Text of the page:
That number is definitely significant and certainly sounds like a lot. That is, until it is compared to the things that actually place the most burden onto the healthcare system; namely obesity and heart disease. According to the CDC, the annual medical cost of obesity in the US hovers somewhere around $150 billion. The annual medical cost of heart disease comes in at about $800 billion. Yes, that's almost a trillion dollars.
The reason I invoke obesity and heart disease over other health problems in this comparison is because, much like riding without a helmet, they are highly preventable. This begs the obvious question: If the relatively small burden placed onto the system by helmetless riders justifies legislation to make helmet usage compulsory, why do we not have laws criminalizing fat people? It would seem to me that anyone concerned with the medical cost of caring for un-helmeted motorcyclists is barking up the wrong tree.
THE FREEDOM OF CHOICE AND 'BIGGER FISH' ARGUMENTS
According to the NHTSA, the most common cause of motorcycle accidents is the failure of motorists to detect and recognize motorcycles in traffic. Motorcycles are small and hard to see. Combine that fact with distracted driving, poor driving skill, or aggressive behavior on the part of a motorist, and it's no wonder. Almost 40 years after the Hurt Report, left-turning drivers continue to be one of the greatest dangers faced by motorcyclists.
These realities form the basis for a good argument; motorcyclists wouldn't die as often if motorists cared more about driving with excellence. But everyday life shows that they apparently don't care much at all. Texting and driving is a pandemic, as is impaired driving. In fact, impaired driving on someone's part continues to be a contributing factor in over 50 percent of all motorcycle accidents, according to the Motorcycle Safety Foundation.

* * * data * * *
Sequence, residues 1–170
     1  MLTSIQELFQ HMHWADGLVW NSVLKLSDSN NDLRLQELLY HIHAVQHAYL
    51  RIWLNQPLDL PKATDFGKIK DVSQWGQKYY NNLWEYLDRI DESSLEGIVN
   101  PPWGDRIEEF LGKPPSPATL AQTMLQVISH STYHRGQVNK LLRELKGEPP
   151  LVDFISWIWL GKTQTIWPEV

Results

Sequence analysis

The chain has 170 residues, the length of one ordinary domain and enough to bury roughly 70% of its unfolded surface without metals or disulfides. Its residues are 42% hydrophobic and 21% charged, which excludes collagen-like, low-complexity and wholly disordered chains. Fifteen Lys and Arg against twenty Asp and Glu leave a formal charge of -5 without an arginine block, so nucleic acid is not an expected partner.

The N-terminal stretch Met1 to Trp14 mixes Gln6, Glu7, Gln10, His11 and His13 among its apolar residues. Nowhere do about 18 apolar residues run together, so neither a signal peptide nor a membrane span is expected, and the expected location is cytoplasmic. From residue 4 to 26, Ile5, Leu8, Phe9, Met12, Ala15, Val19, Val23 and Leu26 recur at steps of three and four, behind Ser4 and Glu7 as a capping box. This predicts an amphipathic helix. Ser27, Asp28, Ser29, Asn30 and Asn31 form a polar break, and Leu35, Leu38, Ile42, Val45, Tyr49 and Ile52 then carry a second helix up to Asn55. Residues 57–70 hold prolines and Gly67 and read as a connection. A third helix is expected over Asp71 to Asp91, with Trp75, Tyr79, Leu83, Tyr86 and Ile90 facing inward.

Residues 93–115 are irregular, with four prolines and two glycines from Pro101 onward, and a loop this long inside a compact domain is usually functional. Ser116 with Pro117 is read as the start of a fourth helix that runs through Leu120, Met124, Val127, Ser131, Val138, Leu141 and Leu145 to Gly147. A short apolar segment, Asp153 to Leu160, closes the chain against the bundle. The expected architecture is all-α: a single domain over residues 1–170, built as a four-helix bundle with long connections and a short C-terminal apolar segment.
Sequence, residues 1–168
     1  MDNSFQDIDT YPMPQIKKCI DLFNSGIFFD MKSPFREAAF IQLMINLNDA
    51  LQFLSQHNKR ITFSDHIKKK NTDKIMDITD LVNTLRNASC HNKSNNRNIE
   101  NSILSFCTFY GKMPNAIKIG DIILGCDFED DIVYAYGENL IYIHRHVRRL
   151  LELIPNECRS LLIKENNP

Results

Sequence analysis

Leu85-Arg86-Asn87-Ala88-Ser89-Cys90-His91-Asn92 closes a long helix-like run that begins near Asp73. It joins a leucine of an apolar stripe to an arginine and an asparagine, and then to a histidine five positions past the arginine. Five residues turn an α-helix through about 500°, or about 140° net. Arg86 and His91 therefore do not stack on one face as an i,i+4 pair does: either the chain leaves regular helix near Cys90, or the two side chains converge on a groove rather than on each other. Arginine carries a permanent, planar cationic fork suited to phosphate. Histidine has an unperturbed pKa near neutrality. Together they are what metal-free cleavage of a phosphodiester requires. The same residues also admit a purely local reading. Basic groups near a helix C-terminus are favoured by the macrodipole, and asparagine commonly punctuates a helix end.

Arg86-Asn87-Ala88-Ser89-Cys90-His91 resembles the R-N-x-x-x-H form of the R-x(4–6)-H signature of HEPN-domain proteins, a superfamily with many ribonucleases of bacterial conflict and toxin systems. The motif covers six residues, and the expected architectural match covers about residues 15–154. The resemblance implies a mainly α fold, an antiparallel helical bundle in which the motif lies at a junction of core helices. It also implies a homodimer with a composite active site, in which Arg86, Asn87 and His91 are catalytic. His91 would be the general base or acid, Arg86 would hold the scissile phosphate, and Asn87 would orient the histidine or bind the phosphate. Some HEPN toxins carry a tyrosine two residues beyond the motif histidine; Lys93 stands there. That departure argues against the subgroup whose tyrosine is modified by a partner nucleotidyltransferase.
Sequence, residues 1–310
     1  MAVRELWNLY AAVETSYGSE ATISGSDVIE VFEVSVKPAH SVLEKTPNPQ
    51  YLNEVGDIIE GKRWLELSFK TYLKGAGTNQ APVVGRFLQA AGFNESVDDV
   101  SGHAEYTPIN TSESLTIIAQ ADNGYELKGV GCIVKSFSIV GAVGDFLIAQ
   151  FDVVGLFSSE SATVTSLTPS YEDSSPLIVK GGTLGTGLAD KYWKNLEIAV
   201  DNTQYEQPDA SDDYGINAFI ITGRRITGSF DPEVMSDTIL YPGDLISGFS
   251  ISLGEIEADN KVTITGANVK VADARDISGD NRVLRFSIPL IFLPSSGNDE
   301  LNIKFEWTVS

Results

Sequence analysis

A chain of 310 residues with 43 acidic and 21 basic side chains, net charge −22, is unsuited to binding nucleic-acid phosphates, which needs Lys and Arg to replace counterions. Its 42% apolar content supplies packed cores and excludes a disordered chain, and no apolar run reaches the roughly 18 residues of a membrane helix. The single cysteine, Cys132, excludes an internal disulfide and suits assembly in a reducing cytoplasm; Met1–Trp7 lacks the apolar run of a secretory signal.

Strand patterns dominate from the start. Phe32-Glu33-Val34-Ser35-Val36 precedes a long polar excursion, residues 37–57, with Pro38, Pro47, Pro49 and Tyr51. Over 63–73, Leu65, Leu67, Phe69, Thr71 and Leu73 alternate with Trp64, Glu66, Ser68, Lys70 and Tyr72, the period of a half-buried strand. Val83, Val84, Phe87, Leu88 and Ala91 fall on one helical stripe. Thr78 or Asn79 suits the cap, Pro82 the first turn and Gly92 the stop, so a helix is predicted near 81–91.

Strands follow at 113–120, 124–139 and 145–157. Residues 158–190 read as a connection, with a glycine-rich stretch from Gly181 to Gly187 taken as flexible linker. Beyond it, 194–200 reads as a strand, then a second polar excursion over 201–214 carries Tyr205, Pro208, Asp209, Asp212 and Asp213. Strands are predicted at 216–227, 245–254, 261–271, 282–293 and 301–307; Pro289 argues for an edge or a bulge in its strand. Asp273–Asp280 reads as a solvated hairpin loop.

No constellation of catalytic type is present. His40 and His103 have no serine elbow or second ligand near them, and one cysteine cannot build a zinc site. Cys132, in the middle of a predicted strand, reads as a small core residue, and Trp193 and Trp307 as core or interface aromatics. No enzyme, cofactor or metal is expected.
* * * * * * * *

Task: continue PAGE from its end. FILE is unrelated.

Many of those who oppose helmet laws say the government should be cracking down on bad driving instead of picking on bikers (who are relatively few compared to motorists) and leave them to make their own choices on helmet usage. But isn't that very line of logic also an effective argument for wearing a helmet to begin with? In a collision with a car or truck, it doesn't matter who was right or wrong, who has the logical or moral high ground, etc., because the motorcyclist is always the one who will lose. If we as motorcyclists expect a high level of responsibility from motorists, should we not also expect the same of ourselves?
WHERE I STAND ON THE ISSUE
As I said in the poll discussion, I always wear a helmet. In fact, I love wearing a helmet. I feel safer and it makes the ride more comfortable. That said, I'm always torn when presented with the possibility of giving the government more power over my life and activities. Helmets definitely save lives, but so would outlawing motorcycles altogether. Helmets reduce burdens on the healthcare system, but so would outlawing obesity. It's a very tricky subject. I think I'm against HB 748, but I can't say that with absolute conviction. Like one of the poll commenters said, I'll accept a mandatory Texas helmet policy if you'll give me lane-splitting in return. I mean come on Texas, if you were really interested in keeping me safer on the road as a motorcyclist, you would've legalized splitting and filtering a long, long time ago.